While Services claims that Hartz is the dominant force in the industry, and that all of the Services's customers have developed a strong brand loyalty for Hartz, Hartz maintains that it competes vigorously with several large competitors such as Sargeants, R.T. French and the Metafram Corporation.
Prior Dealings of the Parties
Services' relations with Hartz started in 1967 when Services acquired the Richray Distributing Company, a large rack-jobber in the Washington, D.C. area. Richray had a "Distributor Contract" with Hartz which, inter alia, had a primary responsibility clause (although no territory was specified), and which required Richray to use its "best efforts" in the promotion, sale, and servicing of Hartz products. The contract was automatically renewable at one year intervals and Richray, and subsequently Services through Richray, distributed Hartz products under the contract until February 4, 1969, when a new contract was signed.
The new contract is essentially the same as the old, except it is now entitled "Service Distribution Contract," the words "on a service basis" have been added to the primary responsibility clause, the words "through service" have been added to the best efforts clause, and the clause permitting the distributor to exercise his independent business judgment has been expanded.
Services distributed Hartz products under both the 1963 and the 1969 Richray contracts through what is known for the purposes of this litigation as the "Old Program." The Old Program was, and still is, a conventional servicing program where merchandise and services are sold together at a charge of retail price less a discount without regard to the volume of products per delivery. Services would perform all its rack jobbing functions under the Old Program including inventory control, promotion, and, at least as to Hartz products, fully servicing and maintaining the display racks.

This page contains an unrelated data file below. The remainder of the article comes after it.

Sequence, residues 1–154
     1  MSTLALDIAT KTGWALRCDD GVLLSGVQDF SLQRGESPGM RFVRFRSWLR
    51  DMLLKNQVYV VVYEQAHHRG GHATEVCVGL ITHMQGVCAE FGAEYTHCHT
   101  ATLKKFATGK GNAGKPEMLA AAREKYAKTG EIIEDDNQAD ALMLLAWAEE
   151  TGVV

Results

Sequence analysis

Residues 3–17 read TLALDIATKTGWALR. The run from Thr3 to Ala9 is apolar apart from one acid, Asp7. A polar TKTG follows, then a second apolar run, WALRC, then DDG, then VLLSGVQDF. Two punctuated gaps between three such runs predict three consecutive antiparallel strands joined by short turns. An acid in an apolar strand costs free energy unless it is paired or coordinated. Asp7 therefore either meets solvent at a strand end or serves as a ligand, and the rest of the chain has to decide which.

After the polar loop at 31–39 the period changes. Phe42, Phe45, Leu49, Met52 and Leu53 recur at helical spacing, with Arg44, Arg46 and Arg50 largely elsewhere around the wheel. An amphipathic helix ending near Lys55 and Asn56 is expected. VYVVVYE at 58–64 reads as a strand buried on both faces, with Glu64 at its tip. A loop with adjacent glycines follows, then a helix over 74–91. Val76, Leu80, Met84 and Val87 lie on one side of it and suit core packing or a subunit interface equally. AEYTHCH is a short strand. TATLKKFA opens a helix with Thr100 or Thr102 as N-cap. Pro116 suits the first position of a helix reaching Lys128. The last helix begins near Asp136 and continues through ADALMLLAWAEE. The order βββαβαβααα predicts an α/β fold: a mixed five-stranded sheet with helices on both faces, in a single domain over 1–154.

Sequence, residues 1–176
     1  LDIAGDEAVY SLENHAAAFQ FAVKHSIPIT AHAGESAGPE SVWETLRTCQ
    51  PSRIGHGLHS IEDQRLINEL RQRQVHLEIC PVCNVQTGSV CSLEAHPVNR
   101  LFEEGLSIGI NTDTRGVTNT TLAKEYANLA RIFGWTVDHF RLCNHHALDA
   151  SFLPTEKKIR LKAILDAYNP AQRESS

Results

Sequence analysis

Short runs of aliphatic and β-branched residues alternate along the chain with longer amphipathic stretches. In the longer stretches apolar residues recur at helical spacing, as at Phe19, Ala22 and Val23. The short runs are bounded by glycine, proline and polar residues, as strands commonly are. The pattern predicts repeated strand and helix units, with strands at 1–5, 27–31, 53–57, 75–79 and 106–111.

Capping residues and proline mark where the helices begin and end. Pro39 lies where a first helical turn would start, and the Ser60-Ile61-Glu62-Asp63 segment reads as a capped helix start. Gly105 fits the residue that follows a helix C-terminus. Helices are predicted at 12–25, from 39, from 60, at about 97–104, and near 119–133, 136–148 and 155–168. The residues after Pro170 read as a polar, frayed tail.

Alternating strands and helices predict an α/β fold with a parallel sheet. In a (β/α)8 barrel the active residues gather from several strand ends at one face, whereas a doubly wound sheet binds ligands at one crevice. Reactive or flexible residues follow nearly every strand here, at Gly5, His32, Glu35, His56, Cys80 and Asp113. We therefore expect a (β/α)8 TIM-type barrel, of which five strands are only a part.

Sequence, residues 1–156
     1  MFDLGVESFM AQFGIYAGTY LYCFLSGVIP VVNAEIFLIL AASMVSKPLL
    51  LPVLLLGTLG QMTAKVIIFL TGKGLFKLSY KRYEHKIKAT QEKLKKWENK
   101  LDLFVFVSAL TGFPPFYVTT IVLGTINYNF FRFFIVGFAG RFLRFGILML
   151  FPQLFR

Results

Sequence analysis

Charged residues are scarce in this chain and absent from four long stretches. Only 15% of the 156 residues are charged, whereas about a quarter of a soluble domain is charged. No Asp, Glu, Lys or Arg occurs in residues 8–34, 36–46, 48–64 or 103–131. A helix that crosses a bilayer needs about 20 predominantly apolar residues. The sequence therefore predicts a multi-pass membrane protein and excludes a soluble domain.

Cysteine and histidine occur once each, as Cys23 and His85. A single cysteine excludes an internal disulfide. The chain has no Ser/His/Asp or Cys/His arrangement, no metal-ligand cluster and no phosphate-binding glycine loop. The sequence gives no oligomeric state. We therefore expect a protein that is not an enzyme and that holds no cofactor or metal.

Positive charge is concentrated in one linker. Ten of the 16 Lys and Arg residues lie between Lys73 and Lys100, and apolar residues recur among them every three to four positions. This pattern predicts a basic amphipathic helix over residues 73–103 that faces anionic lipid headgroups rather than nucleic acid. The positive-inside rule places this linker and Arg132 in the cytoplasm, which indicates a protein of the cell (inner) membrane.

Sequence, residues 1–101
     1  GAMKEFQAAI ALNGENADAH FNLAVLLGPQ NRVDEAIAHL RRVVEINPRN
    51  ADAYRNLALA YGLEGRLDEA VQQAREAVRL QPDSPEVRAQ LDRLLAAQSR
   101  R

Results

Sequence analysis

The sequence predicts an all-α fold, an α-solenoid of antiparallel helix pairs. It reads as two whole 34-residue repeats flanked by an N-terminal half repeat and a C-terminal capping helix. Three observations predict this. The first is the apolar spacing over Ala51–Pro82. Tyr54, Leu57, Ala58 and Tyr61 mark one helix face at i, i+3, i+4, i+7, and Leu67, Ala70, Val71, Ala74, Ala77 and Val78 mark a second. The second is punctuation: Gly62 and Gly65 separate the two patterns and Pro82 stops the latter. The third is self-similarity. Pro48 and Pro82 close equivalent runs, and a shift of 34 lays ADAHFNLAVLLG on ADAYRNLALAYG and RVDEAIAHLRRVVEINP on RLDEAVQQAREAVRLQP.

In mid-June of 1974, Services announced what it called a "New Program" which is basically a form of cost plus wholesaling. The cost of goods and services are no longer aggregated, and the price of each is specified. Retail outlets are now given the option of doing their own servicing or continuing to use the services provided by Services. The cost of warehousing is segregated and there is now a separate charge for deliveries which is determined by the dollar volume of the order. In addition, retail outlets are no longer provided four weeks credit but are required to make a deposit equal to two weeks average volume in non-food items. Over five hundred stores, most of them current customers, have signed up for the new program and have put down $600,000 in refundable deposits.
As Services sees it, the New Program would increase its profits and at the same time reduce prices to the retail outlets and ultimately to the consumer.These results would be accomplished through the use of economies of scale which would reduce operating costs, increase productivity, and lead to purchasing economies. From the point of view of the retailer, profits may be increased, but in order to do so, the retailer must order a number of product lines from Services since the delivery charge is keyed to the dollar volume of his order. Since the Old Program, according to Services, is still available to any customer, the retailer has the following options: (1) he can stay with the Old Program and continue to make the same gross profit,
or (2) he can elect to go on the New Program, in which event he can increase his gross profit if he orders several lines of non-food products from Services.
Of course, a customer who has only used Services for obtaining one line of product (such as Peoples Drug and Dart Drug) might prefer to continue to deal with its old distributors in the other non-food lines, and might also prefer to have Services continue to perform its service functions in the pet supply line. In such cases, the rational decision would be to remain on the Old Program, or to take the New Program but continue to buy services from Services. In point of fact, all new customers who have elected to try the New Program have taken full services, and the Schmitt account in Buffalo has gone from limited services to full services.